112 Posts
Discussion Starter #53
Earlier I spoke about how I try save some $ when I tour, since food can be one of your biggest expenses. Back in Melbs, I had to go into the city to get some paperwork translated from my home country into an officiated / certified translation for the consul. So I decided to check out Queen Elizabeth markets which are in the heart of the city. I've heard that Melbourneans have some of the best food in the country, so I was about to test that theory out. Nothing beats farmer's markets :)


Walking into the semi-permanent covered markets, the crates of colourful fresh food was to be seen. Everywhere. Mounds of it. It was nice to see the quality of the produce was high, and I think the birds were thinking the same. Looks like the birds take their fair share, if the store owners have to resort to this!


I must admit I like a little 'zing' in my cured meats - BUT NOT LIKE THIS!!

ESPECIALLY when touring and spending about 10 hours in a day on the saddle! :oops:😱 That's just a bit too hard core for me and I'll leave it for others to brave...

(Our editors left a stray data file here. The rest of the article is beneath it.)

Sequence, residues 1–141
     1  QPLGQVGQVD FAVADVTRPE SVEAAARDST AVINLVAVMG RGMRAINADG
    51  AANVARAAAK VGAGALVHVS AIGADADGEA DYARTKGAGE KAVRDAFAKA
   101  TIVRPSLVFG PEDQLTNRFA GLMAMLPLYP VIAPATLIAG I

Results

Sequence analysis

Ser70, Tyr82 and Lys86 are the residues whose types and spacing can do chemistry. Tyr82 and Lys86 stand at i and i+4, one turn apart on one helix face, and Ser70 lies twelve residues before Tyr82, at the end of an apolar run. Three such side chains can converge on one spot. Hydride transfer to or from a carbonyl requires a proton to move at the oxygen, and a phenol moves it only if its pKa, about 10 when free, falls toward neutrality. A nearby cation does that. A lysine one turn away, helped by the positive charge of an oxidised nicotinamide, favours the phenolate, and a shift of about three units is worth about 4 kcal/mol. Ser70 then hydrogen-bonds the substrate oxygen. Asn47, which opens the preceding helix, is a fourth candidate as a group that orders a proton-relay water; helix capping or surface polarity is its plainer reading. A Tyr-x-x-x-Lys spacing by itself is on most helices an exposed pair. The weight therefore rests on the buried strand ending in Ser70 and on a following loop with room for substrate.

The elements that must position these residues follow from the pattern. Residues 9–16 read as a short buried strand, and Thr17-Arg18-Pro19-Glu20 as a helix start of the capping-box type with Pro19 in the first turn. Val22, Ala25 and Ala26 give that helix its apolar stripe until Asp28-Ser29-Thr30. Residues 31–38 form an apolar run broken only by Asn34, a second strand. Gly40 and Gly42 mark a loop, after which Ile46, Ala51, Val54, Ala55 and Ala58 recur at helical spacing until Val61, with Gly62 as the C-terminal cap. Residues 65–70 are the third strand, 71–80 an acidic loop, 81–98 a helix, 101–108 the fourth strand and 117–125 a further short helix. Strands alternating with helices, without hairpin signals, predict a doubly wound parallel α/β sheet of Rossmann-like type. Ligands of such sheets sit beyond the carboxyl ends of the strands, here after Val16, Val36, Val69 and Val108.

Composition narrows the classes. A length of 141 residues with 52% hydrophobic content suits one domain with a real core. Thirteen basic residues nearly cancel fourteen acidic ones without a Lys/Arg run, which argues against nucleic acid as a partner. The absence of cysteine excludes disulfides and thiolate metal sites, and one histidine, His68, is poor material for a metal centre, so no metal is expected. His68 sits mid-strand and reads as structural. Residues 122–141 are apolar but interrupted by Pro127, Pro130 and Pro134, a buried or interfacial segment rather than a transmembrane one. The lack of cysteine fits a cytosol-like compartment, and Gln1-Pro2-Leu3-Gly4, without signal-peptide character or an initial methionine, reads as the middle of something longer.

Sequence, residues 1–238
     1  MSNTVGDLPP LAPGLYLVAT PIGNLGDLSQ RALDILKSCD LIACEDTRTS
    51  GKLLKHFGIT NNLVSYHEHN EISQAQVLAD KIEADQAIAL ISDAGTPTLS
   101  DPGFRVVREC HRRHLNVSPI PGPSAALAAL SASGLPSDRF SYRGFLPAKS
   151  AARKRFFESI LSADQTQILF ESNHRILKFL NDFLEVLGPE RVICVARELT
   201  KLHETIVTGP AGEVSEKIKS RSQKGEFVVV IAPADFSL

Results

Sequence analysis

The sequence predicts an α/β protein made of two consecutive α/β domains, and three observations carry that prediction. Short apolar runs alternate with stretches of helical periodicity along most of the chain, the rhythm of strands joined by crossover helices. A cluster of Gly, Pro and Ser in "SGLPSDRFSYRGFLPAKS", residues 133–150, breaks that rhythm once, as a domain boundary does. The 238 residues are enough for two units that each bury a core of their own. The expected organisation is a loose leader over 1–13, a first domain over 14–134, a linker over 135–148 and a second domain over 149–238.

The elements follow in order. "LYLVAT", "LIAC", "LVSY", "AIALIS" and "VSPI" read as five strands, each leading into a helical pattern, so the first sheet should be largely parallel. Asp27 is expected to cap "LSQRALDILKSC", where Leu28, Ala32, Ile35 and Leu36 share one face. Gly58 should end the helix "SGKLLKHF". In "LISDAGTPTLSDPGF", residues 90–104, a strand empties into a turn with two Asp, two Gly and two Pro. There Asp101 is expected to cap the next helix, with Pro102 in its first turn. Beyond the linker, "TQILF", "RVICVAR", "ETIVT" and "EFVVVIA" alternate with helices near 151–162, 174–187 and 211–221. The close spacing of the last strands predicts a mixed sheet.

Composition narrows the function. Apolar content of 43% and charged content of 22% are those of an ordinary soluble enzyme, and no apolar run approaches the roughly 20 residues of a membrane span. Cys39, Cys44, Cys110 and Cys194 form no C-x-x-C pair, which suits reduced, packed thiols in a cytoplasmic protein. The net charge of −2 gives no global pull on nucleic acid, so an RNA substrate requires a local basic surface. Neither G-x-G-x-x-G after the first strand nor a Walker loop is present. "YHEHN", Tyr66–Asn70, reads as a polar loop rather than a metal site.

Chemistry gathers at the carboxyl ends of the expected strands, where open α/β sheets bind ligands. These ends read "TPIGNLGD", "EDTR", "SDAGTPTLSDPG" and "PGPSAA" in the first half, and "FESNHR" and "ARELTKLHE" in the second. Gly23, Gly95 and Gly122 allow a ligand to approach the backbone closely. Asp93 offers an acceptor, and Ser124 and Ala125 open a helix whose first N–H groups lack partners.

So this is my lunch or meals while touring in many cases: simple. A bit of cheese and a few slices of ham with a bun or fresh bread (where I can find GF bread).

And of course, there's always dessert when you bump into one of these! :)

Mmmmmmm. Get in ma belly!!



112 Posts
Discussion Starter #54
More waiting and almost another whole week gone. I invited the photographer to come with me to a place I had heard about called Wilsons Promontory. A land that sticks out of mainland Oz, that's got views to die for and is a national park. Wilsons Promontory National Park

I wore him down and managed also to find a secluded airbnb that was dirt cheap and included dunner. The only thing was that i was about 1 hours away from the Prom, but who cares? It's only 1 hour. :)